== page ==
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Earning More From Your Part Exchange

By raccars Published

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It's gutting when you have your eye on a shiny new motor and think that, with your savings and your old car as part exchange, you can actually afford it - only to be told your old car's value is just about enough to exchange it for a pint and a Scotch egg. Whether you're going for a part exchange or selling privately, you're likely to be offered a lower price than you want or expect for your car. However, apart from the obvious, such as giving it a good clean, there are a few things you can do to make sure you extract the maximum value for your vehicle, whether it's an old banger or nearly new and still under warranty.

Know your market

If you have researched the market value of your car, you are less likely to be disappointed by a low offer. If the market is saturated with similar models and yours has dents in the side and no service history, you will be looking at the bottom end of market value. Know what to expect, so that you don't accidentally turn down what could turn out to be the best offer you'll get.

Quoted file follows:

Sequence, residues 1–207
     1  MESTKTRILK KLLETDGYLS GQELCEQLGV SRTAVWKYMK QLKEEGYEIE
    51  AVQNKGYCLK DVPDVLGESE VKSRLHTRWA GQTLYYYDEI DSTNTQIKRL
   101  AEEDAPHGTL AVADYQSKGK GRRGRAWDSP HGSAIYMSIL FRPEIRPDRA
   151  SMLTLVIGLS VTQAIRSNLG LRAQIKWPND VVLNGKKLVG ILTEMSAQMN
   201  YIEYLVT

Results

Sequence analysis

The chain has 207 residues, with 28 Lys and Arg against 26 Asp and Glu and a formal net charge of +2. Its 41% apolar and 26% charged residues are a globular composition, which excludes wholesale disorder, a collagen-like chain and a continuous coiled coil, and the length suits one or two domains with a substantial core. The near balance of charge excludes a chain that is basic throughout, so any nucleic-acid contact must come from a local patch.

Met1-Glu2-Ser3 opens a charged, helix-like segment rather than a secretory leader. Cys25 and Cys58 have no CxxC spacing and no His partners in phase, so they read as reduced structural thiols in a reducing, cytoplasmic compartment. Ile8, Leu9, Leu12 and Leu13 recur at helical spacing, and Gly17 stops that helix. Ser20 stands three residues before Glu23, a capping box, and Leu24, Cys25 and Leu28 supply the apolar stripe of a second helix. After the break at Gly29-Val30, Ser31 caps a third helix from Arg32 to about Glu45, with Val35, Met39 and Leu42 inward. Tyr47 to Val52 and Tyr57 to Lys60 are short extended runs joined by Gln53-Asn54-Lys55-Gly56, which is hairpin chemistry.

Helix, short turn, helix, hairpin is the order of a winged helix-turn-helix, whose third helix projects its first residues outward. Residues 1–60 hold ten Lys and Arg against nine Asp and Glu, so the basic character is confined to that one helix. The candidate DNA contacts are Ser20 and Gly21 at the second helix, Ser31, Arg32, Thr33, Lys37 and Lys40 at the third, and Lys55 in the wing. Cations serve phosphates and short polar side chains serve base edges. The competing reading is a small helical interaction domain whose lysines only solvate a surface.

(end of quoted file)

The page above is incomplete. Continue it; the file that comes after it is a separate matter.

Keep your paperwork

Maintaining resale value is a project that starts from the day you buy your car. Keep all paperwork relating to work on it, such as bills, service records and MOT certificates. Make sure, too, that the garage stamps your service book - if you haven't done this or bought the car without a history but know where it has been serviced, the garage may be happy to update your service book, if you ask nicely. A full service history and good maintenance records can be worth hundreds, or even thousands, at resale time.

Have registration documents to hand

Use your V5C document, also known as the log book, to prove that you are the registered keeper, and also prove roadworthiness with an MOT certificate. You cannot sell the car without these documents and a sensible buyer will want to see any relevant paperwork before making an offer. If you have lost your registration document, a replacement V5 is available from the DVLA for £25 and MOT certificates can be replaced by the testing centre for £10.

Along with documents, make sure any accessories and spare bits and pieces, such as tow bars, owner's manuals, parcel shelves, spare wheels etc., and particularly the spare keys, are made available. Any offer will be lower if the buyer can't be sure you can provide items, even if you promise that you have them.

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